Savoldelli: Armstrong made enemies
"What will we do with Coppi, Bartali or Merckx?”
Lance Armstrong’s former teammate Paolo Savoldelli has questioned the US Anti-Doping Agency’s decision to strip the American of his seven Tour de France titles after he opted not to contest charges of doping and conspiracy. Savoldelli raced with Armstrong at Discovery Channel in 2005, winning the Giro d’Italia and then riding in support of the Texan at the Tour de France.
Although Savoldelli admitted that he “would not put his hand in the fire for anybody, not even Lance,” he was critical of the USADA case.
“I think that it’s been propelled by political motives and I don’t think they’ll succeed in taking everything off him, as it goes against the principle of the statute of limitations, which is eight years,” Savoldelli told Corriere della Sera.
It was put to Savoldelli that USADA is sending out a strong message in stripping Armstrong of his titles, demonstrating that nobody is unimpeachable.
“Yes, it’s true but going back 14 years doesn’t make a lot of sense,” Savoldelli said. “What will we do with Coppi, Bartali or Merckx?”
Even though the federal investigation into Armstrong and US Postal, which ended in February, was focused on uncovering specific instances of federal fraud rather than more general acts of doping, Savoldelli nonetheless attempted to draw parallels with the USADA case.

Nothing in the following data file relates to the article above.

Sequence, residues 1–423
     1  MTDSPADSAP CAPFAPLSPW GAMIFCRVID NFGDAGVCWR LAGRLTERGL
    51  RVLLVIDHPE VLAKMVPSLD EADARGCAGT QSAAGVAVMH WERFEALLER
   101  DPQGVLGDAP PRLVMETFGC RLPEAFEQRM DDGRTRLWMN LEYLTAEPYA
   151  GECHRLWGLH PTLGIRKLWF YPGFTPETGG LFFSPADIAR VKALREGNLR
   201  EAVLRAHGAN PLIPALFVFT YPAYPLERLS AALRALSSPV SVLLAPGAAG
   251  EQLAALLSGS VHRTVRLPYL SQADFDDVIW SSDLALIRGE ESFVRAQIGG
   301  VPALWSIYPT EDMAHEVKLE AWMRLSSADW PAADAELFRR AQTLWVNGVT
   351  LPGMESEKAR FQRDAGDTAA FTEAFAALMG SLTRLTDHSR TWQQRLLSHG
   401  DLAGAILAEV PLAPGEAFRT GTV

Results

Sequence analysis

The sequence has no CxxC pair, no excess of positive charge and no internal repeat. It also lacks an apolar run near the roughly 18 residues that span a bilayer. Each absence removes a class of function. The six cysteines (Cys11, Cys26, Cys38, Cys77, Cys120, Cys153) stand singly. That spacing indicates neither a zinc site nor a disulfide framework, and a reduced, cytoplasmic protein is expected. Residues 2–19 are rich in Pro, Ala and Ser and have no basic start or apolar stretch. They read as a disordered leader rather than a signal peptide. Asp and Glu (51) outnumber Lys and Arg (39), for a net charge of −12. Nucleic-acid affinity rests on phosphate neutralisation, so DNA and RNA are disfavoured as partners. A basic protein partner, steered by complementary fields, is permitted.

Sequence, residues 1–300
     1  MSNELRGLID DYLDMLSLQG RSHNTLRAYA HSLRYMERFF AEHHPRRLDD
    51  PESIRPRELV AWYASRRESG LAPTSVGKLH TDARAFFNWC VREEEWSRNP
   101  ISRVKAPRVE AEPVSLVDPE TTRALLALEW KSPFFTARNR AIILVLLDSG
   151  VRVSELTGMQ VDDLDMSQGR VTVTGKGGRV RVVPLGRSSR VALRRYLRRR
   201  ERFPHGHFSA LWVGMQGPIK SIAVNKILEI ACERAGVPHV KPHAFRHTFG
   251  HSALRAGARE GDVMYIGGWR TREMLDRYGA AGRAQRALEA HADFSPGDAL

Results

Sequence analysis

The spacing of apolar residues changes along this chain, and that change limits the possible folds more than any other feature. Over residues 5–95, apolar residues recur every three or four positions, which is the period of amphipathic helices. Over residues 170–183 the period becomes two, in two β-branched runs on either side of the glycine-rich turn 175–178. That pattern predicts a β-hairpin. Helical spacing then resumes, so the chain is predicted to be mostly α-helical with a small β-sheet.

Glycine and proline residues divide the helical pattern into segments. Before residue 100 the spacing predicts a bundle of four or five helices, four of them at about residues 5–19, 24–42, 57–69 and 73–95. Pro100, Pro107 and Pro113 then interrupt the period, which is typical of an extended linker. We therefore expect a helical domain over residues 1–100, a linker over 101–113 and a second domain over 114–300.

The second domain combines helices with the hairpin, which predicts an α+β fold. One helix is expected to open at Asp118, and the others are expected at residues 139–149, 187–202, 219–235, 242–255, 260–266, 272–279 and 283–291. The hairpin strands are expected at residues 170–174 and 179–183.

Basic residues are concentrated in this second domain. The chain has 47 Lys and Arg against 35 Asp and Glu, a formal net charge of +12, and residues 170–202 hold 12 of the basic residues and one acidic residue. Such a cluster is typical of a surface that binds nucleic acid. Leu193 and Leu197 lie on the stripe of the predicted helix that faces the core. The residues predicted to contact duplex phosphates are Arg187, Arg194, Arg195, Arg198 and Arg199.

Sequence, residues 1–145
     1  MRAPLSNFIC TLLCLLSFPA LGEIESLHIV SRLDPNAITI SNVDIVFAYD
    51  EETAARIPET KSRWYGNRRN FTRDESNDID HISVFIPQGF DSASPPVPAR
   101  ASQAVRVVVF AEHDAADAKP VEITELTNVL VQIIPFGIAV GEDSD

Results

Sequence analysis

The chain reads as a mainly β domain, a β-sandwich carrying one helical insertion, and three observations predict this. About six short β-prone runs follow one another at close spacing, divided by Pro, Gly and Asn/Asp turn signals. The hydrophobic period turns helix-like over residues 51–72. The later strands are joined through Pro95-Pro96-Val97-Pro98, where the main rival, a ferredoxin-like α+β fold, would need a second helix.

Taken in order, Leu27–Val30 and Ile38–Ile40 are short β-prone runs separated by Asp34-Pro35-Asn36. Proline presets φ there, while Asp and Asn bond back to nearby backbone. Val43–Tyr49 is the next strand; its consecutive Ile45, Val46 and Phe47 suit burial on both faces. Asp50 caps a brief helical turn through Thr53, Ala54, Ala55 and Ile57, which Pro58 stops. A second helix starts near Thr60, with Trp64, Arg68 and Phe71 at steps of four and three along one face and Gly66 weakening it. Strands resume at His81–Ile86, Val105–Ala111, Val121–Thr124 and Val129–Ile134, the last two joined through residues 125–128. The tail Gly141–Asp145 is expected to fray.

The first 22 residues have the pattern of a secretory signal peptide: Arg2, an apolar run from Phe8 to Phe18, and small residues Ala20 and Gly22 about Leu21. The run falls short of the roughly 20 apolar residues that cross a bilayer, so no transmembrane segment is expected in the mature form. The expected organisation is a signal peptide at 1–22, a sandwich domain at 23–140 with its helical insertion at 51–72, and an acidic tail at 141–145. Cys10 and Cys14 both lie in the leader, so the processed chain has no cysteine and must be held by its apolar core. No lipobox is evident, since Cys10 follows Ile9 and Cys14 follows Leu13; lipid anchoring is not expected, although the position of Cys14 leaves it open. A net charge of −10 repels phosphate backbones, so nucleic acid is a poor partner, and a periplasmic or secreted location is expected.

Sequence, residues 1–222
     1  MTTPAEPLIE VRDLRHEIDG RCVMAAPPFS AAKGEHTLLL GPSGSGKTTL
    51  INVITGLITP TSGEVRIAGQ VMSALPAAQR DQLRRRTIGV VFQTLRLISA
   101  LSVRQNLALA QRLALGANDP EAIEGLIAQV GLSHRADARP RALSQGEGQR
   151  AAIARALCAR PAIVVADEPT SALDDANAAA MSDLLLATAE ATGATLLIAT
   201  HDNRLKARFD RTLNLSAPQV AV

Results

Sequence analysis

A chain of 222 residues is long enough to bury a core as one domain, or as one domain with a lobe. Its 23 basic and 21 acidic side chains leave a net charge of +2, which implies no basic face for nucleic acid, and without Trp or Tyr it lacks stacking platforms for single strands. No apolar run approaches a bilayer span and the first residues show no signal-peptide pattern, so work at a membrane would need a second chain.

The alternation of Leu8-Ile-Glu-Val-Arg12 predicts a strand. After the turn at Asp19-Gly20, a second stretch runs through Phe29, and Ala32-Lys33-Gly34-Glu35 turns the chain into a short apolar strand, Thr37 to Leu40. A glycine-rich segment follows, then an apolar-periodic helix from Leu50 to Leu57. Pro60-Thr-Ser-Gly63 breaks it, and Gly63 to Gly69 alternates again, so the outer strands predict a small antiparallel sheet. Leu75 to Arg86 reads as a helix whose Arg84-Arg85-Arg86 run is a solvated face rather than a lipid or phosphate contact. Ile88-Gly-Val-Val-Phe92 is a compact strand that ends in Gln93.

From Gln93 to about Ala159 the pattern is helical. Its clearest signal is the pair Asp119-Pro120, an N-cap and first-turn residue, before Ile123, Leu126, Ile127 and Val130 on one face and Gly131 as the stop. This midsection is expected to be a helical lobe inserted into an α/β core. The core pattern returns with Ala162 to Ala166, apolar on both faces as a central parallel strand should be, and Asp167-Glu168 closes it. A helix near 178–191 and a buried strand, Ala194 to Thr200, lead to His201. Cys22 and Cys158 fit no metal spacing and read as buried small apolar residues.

“It seems that the federal investigation came to nothing and American justice doesn’t go in lightly on things like that. The federal investigator Novitzky was the bulldog of the Balco case. For this reason, the perseverance of the sporting justice system seems ridiculous to me and I think that the anti-doping investigator wants publicity. When Lance says it’s a waste of public money, he isn’t completely wrong…”
Savoldelli said that he was not part of Armstrong’s training group – “I was only in Tenerife with him once, but he wasn’t at altitude because he was with Sheryl Crow” – but he did offer an interesting insight into the mindset that was fostered by Armstrong and Johan Bruyneel at the team.
“Armstrong had a temper and he clashed with a lot of people. I didn’t leave him on very good terms myself because at the Tour he had behaved like a real patron,” Savoldelli said. “He was a braggart and it doesn’t surprise me that somebody wants to make him pay. He created a lot of enmity, sometimes without reason: he and Bruyneel felt they were invincible.
“One night at dinner, he said: ‘If you hear someone saying bad things about me, tell me.’ He needed it to psych himself up even more…”
While Armstrong’s decision not to contest the USADA charges constitutes an implicit admission of guilt, Savoldelli does not envisage that his erstwhile leader will ever make a full and frank confession.
“I’d rule that out. He isn’t naïve and now he has taken the decision that suited him best. But he’ll go on fighting.”
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